Tom-Skype Filtering in China



UPDATE: See the 2008 report which shows that:

  • The full text chat messages of TOM-Skype users, along with Skype users who have
    communicated with TOM-Skype users, are regularly scanned for sensitive keywords, and
    if present, the resulting data are uploaded and stored on servers in China.
  • These text messages, along with millions of records containing personal information, are
    stored on insecure publicly-accessible web servers together with the encryption key required to
    decrypt the data.

Skype’s partner in China, Tom Online, has implemented filtering of Skype’s text chat for Chinese users. Skype is not being transparent about the filtering fucntionality that has been introduced. Here is my initial attempt at trying to figure out Tom-Skype’s filtering.

Tom-Skype can be downloaded from skype.tom.com and I installed in in Chinese and English. I also installed the 2.5 beta version, all appeared to function the same. The tests below are from Tom-Skype 2.0 installed in English.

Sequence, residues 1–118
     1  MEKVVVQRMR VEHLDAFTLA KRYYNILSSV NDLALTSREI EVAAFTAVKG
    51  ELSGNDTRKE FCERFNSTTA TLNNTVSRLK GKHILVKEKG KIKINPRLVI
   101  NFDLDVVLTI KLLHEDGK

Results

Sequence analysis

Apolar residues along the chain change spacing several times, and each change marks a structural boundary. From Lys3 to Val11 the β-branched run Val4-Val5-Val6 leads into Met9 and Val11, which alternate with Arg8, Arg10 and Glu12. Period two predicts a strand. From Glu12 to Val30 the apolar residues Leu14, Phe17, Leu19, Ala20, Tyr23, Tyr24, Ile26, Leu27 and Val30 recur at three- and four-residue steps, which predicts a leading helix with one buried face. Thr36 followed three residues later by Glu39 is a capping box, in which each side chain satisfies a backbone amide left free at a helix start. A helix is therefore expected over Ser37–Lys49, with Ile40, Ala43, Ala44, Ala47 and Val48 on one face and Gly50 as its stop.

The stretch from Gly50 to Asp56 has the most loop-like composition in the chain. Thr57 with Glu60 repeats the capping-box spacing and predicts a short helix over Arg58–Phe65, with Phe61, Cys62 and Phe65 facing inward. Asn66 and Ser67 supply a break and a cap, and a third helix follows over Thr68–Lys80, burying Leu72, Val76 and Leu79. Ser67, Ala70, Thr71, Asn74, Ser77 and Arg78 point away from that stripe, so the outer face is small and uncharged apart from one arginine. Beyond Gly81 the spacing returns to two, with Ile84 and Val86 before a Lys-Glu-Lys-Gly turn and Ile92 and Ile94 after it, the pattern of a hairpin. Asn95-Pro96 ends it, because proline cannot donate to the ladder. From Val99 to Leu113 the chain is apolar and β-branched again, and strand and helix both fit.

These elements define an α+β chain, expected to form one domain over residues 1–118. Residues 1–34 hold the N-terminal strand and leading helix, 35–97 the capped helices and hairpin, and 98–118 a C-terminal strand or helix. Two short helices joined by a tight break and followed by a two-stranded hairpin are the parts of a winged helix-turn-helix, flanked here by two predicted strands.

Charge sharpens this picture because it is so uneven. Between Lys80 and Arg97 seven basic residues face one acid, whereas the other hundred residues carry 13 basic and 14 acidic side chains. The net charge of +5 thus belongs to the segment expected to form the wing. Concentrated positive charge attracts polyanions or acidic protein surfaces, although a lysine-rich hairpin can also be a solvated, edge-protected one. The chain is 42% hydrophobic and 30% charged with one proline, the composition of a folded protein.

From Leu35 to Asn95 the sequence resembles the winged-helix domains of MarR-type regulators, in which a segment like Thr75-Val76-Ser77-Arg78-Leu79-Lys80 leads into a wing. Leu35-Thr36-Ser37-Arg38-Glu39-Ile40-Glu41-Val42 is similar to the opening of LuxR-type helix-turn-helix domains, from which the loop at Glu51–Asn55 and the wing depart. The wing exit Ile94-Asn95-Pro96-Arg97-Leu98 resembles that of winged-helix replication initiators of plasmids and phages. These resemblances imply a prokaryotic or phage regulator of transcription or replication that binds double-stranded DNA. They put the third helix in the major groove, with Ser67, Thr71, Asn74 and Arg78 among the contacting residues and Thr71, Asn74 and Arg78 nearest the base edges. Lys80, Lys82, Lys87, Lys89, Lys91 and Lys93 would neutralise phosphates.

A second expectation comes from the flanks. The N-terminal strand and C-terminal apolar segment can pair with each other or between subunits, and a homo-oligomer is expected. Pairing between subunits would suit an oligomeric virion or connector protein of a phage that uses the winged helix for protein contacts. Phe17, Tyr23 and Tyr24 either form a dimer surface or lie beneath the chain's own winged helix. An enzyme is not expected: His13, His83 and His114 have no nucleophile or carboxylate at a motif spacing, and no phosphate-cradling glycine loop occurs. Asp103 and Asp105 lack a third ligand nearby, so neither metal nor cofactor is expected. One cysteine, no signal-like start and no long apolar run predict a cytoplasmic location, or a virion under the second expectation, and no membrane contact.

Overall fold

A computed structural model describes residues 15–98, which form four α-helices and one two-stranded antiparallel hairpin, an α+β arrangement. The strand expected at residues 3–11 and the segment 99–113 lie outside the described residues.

The first thing I noticed is that Tom-Skype is bundled with an executable called ContentFilter.exe. It is an application developed by Tom Online called Tom Word Review. It is digitally signed by Skype.

Tom’s ContentFilter.exe loads after one logs into Skype and runs in the background. It is visible in the process list.

After logging in to Skype several plain text connections are made to Tom’s web server, in addition to some to Skype’s server. Some are just to get the version number of Skype the user is running while others are for the content that appears in the Tom content tab — mine had to do with the FIFA World Cup :) . But there are two rather odd connections: